Ana Marie Cox Questions Robert Gibbs
Air America correspondent Ana Marie Cox asked White House Press Sec. Robert Gibbs about members of the military continuing to be dismissed because of the "Don't Ask, Don't Tell" policy. It's funny watching Cox itching to ask Gibbs her question. Cox appears ready to leap out of her seat.
Gibbs is standing by the talking point nothing can be done without Congressional approval. I pointed out Executive Order 9981 and Defense Directive 5120.36 integrated the military through the executive branch. Pentagon spokesperson Geoff Morrell confirmed there are no plans to end "Don't Ask, Don't Tell."
Related: former Army Ranger sergeant Brian Hughes is a gay man. He served in combat and several men in his company kne he is gay. Hughes didn't tell more fellow soldiers because he was afraid of losing his job. Hughes correctly points out Obama is showing a lack of political courage.
Today the strongest resistance to overturning "Don't Ask, Don't Tell" may not come from the military, which polls show mostly supports repeal, nor from social conservatives, who are not in power. Rather, there are many Democratic leaders and strategists who blame the issue of gays in the military for damaging the beginning of Bill Clinton's presidency. They fear it could have the same effect on Mr. Obama.
The truth is that public opinion has moved dramatically on this issue. Public support for repeal consistently polls above 75% -- well above Mr. Obama's approval ratings. The fact that support is above 90% for men and women aged 18-29 should put to rest any worries that repeal could interfere with recruitment.
Update: Pam Spaulding has the transcript.
Q So you had said that the President is working with the Pentagon and the Joint Chiefs of Staff on "don't ask, don't tell," but earlier this week the Pentagon said that the conversations were "initial" and that there is "no sense of any immediate developments in the offing on efforts to repeal 'don't ask, don't tell.'" So I wanted to give you a chance to correct the Pentagon on that.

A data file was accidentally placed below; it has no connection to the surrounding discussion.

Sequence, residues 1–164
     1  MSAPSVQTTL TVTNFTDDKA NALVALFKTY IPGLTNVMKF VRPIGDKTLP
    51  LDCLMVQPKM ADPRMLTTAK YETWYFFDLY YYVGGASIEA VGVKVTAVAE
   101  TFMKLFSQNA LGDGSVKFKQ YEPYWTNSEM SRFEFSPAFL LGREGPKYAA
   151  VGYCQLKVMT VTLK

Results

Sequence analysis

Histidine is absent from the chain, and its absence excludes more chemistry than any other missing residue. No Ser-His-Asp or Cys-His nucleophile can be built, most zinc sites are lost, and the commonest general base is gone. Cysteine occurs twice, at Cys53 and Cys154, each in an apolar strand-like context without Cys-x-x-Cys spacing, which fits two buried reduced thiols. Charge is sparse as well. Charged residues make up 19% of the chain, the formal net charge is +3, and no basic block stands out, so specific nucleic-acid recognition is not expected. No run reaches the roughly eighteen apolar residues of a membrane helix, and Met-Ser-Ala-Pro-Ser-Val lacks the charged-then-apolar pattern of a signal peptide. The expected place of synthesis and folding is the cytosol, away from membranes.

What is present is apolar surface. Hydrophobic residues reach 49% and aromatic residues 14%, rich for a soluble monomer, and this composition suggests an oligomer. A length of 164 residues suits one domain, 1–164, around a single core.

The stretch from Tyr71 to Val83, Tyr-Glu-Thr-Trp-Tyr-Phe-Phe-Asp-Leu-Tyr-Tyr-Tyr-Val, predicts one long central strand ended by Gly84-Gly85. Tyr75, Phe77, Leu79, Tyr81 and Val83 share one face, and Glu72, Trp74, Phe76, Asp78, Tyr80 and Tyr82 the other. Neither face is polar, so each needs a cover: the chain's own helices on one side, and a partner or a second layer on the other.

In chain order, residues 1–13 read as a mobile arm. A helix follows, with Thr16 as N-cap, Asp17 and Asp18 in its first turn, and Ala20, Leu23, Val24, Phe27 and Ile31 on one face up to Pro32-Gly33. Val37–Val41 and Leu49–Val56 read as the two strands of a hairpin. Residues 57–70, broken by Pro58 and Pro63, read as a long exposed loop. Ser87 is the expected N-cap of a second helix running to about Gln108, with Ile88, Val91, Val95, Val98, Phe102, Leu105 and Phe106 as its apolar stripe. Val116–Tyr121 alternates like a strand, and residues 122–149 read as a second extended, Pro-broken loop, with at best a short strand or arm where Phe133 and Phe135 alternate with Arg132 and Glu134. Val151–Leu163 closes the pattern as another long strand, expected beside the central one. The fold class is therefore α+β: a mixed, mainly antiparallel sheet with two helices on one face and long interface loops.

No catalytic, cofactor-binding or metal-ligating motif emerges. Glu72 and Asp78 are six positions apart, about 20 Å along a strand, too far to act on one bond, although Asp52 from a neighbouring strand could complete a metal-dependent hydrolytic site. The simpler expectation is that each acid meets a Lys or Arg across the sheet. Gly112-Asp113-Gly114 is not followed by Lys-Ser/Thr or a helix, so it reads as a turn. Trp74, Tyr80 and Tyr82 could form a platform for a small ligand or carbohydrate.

And I have two other questions. What other policies are there --
MR. GIBBS: If you ask like that you're going to get bumped up to, like, the first row. (Laughter.)
Let me address the first question because, if I'm not mistaken, the Pentagon did correct that statement on efforts regarding the reform on "don't ask, don't tell."
Q So there are active conversations happening now?
MR. GIBBS: Yes. Yes.
Q Okay. And then I wanted to know if there are any other policies that the President believes to be, as you said yesterday about "don't ask, don't tell," not in our national interest but is content to let Congress take the lead on? And second, President Truman didn't see it necessary to clear desegregation through Congress, so how is this different?
MR. GIBBS: Well, I don't want to put words in your mouth, but maybe I was -- maybe I used some poor language, but the President is involved in these discussions. It was the President's commitment to overturn the policy that's not in our national interest that is the reason for these discussions and for the effort to overturn this. So I think the notion somehow -- the reason Congress is involved is the only durable and lasting way with which to overturn the policy is to do it by law. That's the --
Q So when can we expect a durable policy on racial desegregation in the military, since that's never gone through Congress?
MR. GIBBS: Well, I'm out of my depth as a lawyer. And I'm not exactly sure the timing of when President Truman did that, but my sense is that there were also some legal proceedings around that. Try as one may, a President can't simply whisk away standing law of the United States of America. I think that's maybe been the undercurrent of some of the conversations we've had over the past few days on Guantanamo Bay.
But if you're going to change the policy, if it is the law of the land, you have to do it through an act of Congress.
Q And so there's pending legislation? I didn't see any.
MR. GIBBS: I don't know what's been introduced in Congress.